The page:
New tools

2023-10-31 21:32:03 +0100 +0100

I’m experimenting with a few replacements for my existing workflows:

I chose Obsidian (and started using Zotero) after reading How to take smart notes. Actually, the tool itself here is not so important; rather the purpose and method of taking notes is. One idea in the book–which you should read, because I’m not going to attempt to summarize it–is that we should take notes whenever we’re reading, and summarize as much as possible in our own words. Each note stands on its own, like a short wiki article, or like a section of a longer wiki article. Then use keywords to link one note to another. Eventually you’re able to look at the sum of your thoughts, both notes you’ve taken while reading, and original ideas, and find connections between ideas by revisiting and reworking your notes.

As someone who spends a fair amount of my day reading, whether it’s code review, technical documentation, articles, Google Docs, etc, it’s appealing to have an organized knowledge repository that allows me to maintain a manageable map of this information.

I’m not consistent about it yet, but will give it a try over the next months at least. I’m absorbing a lot of material at the moment and was struggling to keep up with processing it all. The note-taking process makes reading a bit slower, but getting things down into notes means fewer things floating in my head. So I think it will be worth it.

I spent a few days setting up org-roam and while it’s very cool, and would be nice to continue to keep using org-mode, it felt a bit rough around the edges and I’d like my note repo to be easy, responsive, and a pleasant place to hang out in. Obsidian seems to meet the mark with its vi mode enabled, and I also appreciate that it’s available on my phone, so I can capture a thought quickly. (Yes, pen and paper are nice for that too.)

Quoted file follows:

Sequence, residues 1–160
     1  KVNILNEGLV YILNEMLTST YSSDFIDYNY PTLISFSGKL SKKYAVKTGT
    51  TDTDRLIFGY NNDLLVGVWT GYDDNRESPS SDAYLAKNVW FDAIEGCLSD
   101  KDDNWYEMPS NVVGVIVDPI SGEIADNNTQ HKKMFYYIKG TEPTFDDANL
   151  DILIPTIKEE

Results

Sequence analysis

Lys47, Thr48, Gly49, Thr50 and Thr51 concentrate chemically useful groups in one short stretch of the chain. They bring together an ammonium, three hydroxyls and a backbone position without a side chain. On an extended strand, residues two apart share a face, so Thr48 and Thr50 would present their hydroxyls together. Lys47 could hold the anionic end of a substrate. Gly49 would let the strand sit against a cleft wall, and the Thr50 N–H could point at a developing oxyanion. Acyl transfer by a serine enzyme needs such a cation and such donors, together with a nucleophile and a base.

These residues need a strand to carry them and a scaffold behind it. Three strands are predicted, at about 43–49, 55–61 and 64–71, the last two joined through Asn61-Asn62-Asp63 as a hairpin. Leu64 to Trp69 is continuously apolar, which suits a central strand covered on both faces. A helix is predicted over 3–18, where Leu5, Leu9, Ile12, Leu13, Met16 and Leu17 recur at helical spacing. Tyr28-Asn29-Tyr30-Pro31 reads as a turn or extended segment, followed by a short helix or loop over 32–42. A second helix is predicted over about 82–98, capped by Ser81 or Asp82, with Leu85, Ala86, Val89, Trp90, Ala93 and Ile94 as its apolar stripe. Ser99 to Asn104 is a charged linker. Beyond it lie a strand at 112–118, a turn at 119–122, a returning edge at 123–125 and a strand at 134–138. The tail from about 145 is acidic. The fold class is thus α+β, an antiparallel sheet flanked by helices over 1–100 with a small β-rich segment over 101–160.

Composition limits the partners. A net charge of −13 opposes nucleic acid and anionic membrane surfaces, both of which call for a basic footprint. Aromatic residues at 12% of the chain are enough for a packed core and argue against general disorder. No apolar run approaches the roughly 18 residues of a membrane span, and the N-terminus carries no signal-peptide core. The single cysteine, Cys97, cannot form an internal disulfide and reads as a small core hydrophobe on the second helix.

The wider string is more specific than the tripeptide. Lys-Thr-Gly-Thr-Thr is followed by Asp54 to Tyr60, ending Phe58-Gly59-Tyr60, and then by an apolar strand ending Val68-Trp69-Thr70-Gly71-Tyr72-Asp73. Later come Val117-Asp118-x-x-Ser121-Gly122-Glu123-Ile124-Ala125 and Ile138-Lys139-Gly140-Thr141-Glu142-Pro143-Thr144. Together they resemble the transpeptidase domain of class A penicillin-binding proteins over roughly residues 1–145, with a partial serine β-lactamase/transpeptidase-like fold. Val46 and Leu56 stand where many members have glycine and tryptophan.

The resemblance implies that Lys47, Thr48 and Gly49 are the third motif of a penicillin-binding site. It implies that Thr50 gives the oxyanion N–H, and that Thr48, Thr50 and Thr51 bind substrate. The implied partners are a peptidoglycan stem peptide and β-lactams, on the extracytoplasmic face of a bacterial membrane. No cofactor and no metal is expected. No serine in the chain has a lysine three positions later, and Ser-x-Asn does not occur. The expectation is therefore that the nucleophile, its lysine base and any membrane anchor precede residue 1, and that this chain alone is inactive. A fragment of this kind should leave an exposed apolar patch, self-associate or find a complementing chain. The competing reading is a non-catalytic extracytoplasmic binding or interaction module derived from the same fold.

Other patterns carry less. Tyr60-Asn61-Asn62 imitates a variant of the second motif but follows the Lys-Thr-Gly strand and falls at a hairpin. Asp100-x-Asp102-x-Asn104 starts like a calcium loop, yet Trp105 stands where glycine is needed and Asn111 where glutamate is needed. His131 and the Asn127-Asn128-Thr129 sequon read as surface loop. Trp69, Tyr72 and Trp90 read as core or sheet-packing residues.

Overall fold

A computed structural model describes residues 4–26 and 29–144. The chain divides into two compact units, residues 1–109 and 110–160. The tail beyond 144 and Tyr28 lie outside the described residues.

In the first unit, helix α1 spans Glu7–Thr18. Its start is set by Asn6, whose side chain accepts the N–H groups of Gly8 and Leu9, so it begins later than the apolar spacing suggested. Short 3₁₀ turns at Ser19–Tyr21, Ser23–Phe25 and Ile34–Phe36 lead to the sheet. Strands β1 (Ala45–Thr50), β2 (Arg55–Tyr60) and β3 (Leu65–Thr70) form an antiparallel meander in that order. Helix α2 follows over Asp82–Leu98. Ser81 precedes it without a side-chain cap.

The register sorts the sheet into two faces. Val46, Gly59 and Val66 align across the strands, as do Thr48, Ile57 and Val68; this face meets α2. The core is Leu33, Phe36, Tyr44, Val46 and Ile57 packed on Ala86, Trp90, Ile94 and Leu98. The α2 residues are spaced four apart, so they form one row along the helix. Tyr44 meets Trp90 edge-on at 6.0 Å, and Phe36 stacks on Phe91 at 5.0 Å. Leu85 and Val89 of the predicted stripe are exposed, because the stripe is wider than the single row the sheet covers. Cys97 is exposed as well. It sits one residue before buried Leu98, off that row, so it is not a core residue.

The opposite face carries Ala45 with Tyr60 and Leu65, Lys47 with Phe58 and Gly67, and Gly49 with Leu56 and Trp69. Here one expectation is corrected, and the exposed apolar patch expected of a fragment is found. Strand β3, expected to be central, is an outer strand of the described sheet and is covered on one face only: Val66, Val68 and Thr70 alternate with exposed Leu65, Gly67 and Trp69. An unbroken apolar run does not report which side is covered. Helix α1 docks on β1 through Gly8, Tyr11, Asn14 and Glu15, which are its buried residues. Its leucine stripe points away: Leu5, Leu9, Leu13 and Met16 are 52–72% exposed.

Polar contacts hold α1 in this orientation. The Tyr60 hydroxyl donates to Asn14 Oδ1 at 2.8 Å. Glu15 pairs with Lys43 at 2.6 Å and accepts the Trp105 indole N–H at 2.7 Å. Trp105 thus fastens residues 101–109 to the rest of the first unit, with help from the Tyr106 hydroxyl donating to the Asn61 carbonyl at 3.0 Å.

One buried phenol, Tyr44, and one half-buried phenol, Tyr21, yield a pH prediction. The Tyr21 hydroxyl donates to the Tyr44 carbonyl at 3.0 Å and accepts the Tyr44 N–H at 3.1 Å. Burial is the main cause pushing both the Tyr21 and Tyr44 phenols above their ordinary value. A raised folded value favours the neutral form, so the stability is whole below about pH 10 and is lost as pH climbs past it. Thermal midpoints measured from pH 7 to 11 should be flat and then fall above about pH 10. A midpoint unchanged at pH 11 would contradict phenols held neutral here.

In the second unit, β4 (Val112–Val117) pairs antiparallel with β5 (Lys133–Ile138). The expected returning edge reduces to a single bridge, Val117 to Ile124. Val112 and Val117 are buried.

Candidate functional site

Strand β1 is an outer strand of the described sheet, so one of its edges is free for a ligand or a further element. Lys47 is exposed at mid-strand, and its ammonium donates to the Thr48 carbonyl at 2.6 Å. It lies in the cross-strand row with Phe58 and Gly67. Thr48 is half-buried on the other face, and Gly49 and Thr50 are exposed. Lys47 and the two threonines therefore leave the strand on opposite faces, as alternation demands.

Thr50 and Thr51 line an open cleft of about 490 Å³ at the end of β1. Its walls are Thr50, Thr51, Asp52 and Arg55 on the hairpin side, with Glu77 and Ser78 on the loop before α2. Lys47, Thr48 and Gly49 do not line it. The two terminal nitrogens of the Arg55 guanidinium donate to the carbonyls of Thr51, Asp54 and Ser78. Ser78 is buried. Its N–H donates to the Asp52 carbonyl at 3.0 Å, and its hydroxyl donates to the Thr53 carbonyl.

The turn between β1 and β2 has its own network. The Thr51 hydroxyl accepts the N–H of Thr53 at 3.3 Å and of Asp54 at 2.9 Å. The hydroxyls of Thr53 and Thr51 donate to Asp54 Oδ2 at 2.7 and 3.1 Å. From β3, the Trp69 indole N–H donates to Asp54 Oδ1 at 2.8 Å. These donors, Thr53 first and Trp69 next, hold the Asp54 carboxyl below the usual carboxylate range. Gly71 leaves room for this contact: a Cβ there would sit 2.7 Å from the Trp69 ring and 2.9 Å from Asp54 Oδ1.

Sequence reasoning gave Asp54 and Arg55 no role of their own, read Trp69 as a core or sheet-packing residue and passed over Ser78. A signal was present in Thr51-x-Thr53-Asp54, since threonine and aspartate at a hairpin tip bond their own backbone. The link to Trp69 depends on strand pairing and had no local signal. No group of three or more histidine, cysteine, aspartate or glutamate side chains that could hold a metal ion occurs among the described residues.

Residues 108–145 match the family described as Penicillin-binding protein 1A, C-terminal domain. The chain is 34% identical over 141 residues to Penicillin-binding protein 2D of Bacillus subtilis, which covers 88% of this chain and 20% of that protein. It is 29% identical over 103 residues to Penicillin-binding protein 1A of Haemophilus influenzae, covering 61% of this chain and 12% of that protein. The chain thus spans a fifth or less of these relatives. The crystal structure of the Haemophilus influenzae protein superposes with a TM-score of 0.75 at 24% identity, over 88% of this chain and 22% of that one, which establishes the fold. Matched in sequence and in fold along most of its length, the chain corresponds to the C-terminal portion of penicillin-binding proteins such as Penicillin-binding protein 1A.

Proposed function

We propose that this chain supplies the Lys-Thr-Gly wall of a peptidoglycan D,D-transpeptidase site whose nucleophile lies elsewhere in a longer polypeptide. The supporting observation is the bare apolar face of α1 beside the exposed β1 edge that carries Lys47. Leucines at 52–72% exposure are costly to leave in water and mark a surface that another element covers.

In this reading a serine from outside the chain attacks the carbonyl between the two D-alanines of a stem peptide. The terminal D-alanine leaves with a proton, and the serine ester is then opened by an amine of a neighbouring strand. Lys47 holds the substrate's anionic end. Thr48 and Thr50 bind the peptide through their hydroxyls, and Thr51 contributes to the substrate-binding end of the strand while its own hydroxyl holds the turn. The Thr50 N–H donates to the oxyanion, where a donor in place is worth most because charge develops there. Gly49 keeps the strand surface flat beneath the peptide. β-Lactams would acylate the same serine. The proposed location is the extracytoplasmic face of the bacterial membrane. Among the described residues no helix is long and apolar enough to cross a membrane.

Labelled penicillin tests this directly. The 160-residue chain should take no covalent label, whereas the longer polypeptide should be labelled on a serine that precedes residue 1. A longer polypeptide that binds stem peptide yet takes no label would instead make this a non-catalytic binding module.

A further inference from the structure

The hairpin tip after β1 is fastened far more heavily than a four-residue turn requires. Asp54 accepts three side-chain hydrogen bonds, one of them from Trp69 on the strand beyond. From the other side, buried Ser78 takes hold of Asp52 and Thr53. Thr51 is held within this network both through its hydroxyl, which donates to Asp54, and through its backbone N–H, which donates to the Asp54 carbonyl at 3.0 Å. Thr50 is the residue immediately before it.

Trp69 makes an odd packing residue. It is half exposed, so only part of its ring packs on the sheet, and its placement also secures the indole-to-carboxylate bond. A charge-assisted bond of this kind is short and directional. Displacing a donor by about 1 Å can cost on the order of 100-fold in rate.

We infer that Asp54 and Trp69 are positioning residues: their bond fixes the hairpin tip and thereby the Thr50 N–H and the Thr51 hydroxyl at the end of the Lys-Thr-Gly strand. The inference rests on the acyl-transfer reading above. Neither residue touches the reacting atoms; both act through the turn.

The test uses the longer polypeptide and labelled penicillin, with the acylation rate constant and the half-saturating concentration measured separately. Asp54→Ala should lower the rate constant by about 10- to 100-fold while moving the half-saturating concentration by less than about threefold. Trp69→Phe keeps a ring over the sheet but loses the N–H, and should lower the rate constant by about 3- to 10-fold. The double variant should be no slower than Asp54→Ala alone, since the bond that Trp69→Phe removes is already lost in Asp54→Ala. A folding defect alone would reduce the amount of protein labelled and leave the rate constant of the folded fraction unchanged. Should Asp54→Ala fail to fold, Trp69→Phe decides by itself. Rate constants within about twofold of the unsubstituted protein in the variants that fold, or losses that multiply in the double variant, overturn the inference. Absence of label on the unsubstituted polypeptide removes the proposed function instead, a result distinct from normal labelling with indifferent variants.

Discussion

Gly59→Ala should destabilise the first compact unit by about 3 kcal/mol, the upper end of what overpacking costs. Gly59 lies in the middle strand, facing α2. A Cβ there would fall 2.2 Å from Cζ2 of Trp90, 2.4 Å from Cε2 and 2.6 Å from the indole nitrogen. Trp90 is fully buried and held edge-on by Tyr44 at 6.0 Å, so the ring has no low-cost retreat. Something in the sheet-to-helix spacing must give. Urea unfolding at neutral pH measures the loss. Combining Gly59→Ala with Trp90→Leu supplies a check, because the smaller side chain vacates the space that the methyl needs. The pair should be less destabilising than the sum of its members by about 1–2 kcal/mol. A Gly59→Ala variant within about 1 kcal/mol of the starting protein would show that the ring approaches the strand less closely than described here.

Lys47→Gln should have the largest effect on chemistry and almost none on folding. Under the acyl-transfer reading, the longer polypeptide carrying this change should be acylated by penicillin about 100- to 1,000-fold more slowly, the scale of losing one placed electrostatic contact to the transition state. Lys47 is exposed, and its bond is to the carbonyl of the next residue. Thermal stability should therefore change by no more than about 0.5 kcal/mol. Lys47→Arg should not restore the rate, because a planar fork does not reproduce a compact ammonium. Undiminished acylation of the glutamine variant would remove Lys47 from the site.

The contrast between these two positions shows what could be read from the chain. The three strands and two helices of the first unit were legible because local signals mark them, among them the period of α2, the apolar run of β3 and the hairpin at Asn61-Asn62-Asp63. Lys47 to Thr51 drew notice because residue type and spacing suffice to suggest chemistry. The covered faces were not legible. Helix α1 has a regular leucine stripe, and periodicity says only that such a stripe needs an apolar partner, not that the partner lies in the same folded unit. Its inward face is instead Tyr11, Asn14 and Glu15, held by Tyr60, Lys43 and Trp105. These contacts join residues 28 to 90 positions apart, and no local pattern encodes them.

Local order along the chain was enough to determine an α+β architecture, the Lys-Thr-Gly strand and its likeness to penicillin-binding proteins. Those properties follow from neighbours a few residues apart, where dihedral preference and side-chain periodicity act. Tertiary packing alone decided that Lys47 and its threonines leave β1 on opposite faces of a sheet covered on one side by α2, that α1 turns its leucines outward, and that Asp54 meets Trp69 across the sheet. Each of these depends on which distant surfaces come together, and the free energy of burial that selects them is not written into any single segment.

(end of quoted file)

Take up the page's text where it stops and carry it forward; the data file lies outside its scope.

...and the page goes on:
Then, along the same idea of wanting to be around the tool you use all the time, I decided somewhat whimsically to have second look at Todoist as a replacement for my GTD implementation in org-mode. Some really nice things since the last time I tried using it a few years ago:

I’ve started a small project (kostajh/todoistandup) that generates my daily standup messages. I’ll be adding some code to automatically pull some things into my inbox (code review requests, phab tasks assigned to me). So far I think the app + some helper scripts works well. Whether it becomes a place that I am happy to cultivate and build on is somewhat of an open question, but it feels a bit more manageable than the more free-form (and thus a little stressful) setup of org-mode.